HDL cholesterol: sometimes more is not necessarily better

Lipoproteins are complex particles that are responsible for transporting the water insoluble molecule, cholesterol, through the blood stream. Cholesterol is transported from the liver to peripheral tissues. Excess cholesterol in low-density lipoprotein (LDL) is deposited in the arterial wall, which can cause a heart attack. The main function of high-density lipoprotein (HDL) is to remove excess cholesterol from the artery and transport it to the liver to be excreted from the body in the bile. This process is known as reverse cholesterol transport.

Reverse cholesterol transport pathway HDL picks up cholesterol deposited in peripheral tissues and transports it to the liver to be excreted from the body in the bile

Reverse cholesterol transport pathway HDL picks up cholesterol deposited in peripheral tissues and transports it to the liver to be excreted from the body in the bile

Given its role in reverse cholesterol transport, it has been thought that higher levels of HDL cholesterol would lead to the removal of more cholesterol from the coronary arteries and be more protective against heart disease. In fact, prior studies have demonstrated that higher levels of HDL cholesterol are associated with a lower risk for heart disease.

Interestingly, we identified a number of individuals with very high levels of HDL cholesterol that developed heart disease, even in the absence of major risk factors. We asked the question ‘why did some individuals with high levels of HDL cholesterol develop heart disease while most others seemed to be protected?’ We sought to determine what might be different in the HDL from disease susceptible and resistant individuals. We hypothesized that there would be a difference in the ability of HDL in the patients who develop heart disease to remove arterial cholesterol. Therefore, we decided to look more closely at the function of HDL in a part of the reverse cholesterol transport pathway in both of these groups of patients.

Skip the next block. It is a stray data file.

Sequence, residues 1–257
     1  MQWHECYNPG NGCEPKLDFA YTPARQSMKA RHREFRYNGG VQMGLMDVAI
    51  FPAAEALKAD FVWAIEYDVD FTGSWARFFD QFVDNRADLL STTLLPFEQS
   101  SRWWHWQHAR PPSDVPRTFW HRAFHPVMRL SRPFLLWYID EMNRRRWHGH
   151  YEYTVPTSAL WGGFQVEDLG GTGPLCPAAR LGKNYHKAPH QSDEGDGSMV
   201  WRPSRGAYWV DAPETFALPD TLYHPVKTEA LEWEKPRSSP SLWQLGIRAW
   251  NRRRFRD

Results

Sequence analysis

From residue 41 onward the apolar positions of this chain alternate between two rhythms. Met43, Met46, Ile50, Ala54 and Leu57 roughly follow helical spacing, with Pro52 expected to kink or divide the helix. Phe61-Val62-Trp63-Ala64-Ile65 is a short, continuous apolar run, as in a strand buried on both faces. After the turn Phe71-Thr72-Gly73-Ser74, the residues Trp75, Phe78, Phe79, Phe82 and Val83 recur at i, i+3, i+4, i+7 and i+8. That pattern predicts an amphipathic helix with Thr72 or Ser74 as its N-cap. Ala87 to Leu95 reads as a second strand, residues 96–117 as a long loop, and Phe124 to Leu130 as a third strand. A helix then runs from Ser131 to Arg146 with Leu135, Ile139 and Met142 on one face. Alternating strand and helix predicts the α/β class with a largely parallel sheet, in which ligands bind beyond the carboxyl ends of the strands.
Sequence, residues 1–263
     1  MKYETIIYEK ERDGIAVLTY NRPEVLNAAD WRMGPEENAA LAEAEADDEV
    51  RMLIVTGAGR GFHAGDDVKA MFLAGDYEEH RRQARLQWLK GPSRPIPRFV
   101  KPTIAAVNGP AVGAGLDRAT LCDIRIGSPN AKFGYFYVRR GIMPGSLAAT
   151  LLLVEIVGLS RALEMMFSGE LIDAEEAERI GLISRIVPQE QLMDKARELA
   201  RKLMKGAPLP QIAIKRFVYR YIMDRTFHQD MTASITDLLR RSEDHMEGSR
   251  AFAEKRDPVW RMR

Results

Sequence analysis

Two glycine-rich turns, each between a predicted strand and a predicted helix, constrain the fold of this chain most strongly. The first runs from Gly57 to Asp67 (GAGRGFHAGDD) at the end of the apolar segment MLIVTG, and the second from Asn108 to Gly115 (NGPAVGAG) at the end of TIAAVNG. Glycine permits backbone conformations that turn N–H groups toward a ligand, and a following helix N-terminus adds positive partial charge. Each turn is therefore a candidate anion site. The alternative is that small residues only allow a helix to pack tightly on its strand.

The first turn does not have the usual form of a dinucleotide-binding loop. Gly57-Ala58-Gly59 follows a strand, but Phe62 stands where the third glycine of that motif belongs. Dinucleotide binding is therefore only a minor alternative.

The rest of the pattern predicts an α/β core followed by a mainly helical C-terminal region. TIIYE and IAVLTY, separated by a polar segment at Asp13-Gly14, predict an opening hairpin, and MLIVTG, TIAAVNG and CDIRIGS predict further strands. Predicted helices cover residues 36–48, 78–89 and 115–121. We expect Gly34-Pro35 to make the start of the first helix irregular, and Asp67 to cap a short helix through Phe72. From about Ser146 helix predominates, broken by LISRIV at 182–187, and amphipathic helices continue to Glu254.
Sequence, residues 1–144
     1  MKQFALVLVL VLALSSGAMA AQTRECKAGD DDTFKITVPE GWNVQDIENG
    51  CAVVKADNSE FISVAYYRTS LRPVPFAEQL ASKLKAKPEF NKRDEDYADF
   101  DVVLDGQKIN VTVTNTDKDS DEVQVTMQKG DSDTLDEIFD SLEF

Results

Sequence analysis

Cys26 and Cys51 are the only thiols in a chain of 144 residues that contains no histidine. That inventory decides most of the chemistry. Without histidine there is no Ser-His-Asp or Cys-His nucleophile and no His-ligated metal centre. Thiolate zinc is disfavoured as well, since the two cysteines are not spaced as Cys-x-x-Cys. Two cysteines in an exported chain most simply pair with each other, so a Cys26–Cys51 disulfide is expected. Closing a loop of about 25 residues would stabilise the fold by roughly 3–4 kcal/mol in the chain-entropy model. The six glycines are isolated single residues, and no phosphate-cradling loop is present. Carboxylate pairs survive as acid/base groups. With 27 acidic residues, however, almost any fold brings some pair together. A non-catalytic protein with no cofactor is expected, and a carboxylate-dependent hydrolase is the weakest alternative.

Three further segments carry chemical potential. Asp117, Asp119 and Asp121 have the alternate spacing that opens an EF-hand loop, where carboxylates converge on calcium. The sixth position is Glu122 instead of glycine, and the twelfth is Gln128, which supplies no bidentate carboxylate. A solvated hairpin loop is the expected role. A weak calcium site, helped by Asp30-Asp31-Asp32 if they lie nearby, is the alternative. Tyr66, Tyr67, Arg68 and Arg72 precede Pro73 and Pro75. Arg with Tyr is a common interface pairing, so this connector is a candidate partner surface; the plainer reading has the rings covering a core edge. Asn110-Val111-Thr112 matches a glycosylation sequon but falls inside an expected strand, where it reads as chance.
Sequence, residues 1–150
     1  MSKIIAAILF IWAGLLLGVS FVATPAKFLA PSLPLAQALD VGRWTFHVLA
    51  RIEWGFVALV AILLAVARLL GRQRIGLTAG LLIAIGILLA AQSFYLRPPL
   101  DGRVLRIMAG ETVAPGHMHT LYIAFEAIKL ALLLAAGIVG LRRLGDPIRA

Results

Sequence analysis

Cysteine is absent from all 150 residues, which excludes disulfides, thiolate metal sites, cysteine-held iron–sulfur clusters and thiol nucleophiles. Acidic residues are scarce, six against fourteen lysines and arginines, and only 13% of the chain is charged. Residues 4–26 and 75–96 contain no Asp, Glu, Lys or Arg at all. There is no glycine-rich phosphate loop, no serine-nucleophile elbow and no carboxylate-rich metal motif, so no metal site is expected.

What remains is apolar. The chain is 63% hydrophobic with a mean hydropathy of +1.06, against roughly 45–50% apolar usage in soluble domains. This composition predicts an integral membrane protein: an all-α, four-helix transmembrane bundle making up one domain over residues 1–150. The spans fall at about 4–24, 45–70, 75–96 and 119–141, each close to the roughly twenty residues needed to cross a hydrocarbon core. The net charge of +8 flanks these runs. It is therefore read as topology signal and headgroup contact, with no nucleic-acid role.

Our research group had previously devised an in vitro assay to measure how efficiently HDL can remove cholesterol from macrophages that simulate the environment of the cells in the coronary arteries. We ran this assay with the HDL from the patients with high HDL cholesterol and heart disease and compared it to those with high HDL cholesterol without heart disease.

We found that HDL from the patients with heart disease was less efficient in the removal of cellular cholesterol in our simulated in vitro assay as compared to those without heart disease. These findings suggest that there is a difference in the functionality of HDL between patients who have heart disease and those who do not. Additionally, we demonstrated that the composition of the HDL particle in susceptible individuals was different from those protected from heart disease. This difference in the HDL particle composition may reflect its inability to function optimally in reverse cholesterol transport.

In this study we challenged the existing paradigm that higher levels of HDL always confer greater protection against heart disease. These findings are important because they suggest that the quality of HDL is more important than the quantity. A clear understanding of HDL function may help identify individuals at risk for developing heart disease even though they have high levels of HDL cholesterol.

Anandita Agarwala, Jeff Billheimer, Daniel J Rader
Division of Translational Medicine and Human Genetics, Perelman School of Medicine,
University of Pennsylvania, Philadelphia, USA



High-Density Lipoprotein (HDL) Phospholipid Content and Cholesterol Efflux Capacity Are Reduced in Patients With Very High HDL Cholesterol and Coronary Disease.
Agarwala AP, Rodrigues A, Risman M, McCoy M, Trindade K, Qu L, Cuchel M, Billheimer J, Rader DJ
Arterioscler Thromb Vasc Biol. 2015 Jun


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